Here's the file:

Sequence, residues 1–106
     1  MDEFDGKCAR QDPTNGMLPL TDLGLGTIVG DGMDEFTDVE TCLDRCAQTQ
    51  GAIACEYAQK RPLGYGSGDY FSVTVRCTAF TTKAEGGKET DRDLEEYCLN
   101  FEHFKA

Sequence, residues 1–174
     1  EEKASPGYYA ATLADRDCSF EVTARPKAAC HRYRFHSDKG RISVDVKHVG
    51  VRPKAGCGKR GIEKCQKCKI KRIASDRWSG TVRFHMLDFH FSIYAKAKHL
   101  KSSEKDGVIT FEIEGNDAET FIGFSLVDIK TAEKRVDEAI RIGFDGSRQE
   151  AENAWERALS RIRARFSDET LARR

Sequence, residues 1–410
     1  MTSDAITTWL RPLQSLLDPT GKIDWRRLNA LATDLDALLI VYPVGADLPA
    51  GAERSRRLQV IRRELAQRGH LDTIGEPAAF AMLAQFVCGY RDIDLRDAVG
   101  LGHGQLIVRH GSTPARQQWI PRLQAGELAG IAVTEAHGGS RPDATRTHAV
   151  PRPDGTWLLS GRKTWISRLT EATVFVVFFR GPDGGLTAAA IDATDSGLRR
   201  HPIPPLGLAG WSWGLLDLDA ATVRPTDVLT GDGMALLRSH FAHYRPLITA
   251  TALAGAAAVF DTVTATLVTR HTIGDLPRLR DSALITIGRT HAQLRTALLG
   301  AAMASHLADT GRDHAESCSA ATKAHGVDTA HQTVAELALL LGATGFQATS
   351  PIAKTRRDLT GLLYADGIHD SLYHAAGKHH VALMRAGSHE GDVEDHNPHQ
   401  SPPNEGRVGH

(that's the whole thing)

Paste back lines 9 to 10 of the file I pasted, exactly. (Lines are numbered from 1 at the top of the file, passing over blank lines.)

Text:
   151  AENAWERALS RIRARFSDET LARR

Sequence, residues 1–410